Chief must step up, take responsibility
© St. Petersburg Times
published January 6, 2002
Inverness Police Chief Joseph Elizarde owes an apology to the man and woman he browbeat on Tuesday at the Happy Dayz Diner.
And if Elizarde won't apologize voluntarily for his outrageous behavior, City Manager Frank DiGiovanni should fire him.
On New Year's Day, witnesses say Elizarde went into a rage at the U.S. 41 eatery after learning that his take-out order was not prepared as quickly as he thought it should be. After arguing on the telephone, and then in person, with the owners, Elizarde was asked to leave. Butch Ramsey put his hand on Elizarde's shoulder and pointed to the door. That's when the police chief flashed his badge and announced he was arresting Ramsey on a charge of misdemeanor battery.
Elizarde, 53, wasn't wearing his uniform that day, but he discredited it just the same. Such outrageous behavior is inexcusable from the city's top law enforcement officer. The public expects the police chief to keep a clear head, not butt heads over inconsequential disagreements.
If, as witnesses claim, all Ramsey did was put his hand on Elizarde's shoulder, the chief overreacted. He is trained to defuse tense situations, not allow them to escalate.
But this situation wasn't even intense; it was what most people would characterize as a routine occurence. Most consumers who have a disagreement with a merchant about service or workmanship are content to register a verbal complaint, or take their business elsewhere. That is what the chief should have done.
It is always disappointing to see a public servant use bad manners and bad judgment, but sometimes it happens. However, Elizarde took it a step farther by misusing his authority to punish Ramsey. He had the businessman handcuffed and sent to jail for several hours for an offense that probably wouldn't even result in an arrest had it not involved the top cop.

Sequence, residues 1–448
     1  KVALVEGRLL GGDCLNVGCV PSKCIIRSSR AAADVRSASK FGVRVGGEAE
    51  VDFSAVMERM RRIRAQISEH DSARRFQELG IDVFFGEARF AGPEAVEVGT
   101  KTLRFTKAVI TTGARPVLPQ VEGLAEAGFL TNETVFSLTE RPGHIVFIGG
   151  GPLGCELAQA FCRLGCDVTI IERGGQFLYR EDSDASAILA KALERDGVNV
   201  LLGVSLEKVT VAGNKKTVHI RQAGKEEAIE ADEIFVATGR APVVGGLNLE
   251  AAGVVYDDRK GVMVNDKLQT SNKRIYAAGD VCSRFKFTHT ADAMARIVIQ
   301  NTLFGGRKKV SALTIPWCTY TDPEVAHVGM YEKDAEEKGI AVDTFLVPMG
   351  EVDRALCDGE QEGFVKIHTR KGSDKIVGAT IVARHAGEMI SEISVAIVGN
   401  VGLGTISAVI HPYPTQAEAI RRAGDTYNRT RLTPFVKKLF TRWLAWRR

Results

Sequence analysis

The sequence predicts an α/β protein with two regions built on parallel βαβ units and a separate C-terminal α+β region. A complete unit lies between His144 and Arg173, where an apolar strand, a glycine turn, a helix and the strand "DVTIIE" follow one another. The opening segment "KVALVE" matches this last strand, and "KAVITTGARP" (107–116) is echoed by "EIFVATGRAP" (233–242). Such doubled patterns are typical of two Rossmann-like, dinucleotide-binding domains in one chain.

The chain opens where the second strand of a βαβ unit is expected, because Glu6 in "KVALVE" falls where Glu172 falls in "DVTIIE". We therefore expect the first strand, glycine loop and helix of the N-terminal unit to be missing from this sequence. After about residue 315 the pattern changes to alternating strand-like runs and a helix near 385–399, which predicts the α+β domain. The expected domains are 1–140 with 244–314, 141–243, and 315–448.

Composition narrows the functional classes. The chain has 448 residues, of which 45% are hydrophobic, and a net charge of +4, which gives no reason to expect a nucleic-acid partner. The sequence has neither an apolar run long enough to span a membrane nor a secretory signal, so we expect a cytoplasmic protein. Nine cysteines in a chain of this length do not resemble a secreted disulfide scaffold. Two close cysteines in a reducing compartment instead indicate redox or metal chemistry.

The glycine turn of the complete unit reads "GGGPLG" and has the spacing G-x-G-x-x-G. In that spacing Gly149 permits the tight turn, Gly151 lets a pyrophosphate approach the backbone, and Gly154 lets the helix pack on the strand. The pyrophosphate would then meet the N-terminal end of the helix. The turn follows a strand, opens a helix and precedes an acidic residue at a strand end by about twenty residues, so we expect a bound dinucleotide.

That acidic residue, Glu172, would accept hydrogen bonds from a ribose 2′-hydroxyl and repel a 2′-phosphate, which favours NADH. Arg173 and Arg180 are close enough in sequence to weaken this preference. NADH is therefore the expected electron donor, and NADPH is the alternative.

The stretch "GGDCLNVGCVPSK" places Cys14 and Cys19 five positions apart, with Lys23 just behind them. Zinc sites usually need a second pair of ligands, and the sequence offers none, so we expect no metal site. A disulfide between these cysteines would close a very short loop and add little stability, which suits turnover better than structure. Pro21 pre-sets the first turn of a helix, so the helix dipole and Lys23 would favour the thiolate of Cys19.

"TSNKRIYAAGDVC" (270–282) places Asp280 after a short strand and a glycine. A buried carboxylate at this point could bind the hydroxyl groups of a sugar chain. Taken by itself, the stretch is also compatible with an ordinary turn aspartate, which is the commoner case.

To make matters worse, Elizarde has not shown any remorse for his actions, choosing instead to label Ramsey, who has no criminal record, as violent. The chief then used more histrionics to defend his unacceptable actions by saying residents "should know their chief is not a wimp." To the majority of folks who learned as young adults that there is nothing wimpy or cowardly about keeping your cool when those around you lose theirs, that comment is remarkably immature.
Elizarde has been temporarily suspended, but with pay, and the charges against Ramsey have been referred to the State Attorney's Office for review. We urge prosecutors to give this trifling matter the attention it deserves: Drop it. The Ramseys have suffered enough humiliation.
In the meantime, the city manager and council members must weigh the consequences of Elizarde's misconduct. A stern written reprimand, coupled with the suspension, should suffice if he accepts the responsibility for allowing this situation to escalate to a ridiculous proportion. If he does not, his credibility will be irreparably harmed, and the council should demand his resignation.
When he applied for the chief's job in early 1999, Elizarde wrote in his cover letter: "The history, customs and living habits of a community must be understood, respected and embraced."
It's time for him to live up to those words by seeking the forgiveness of all city residents. What he has done to one, he has done to all, including himself.
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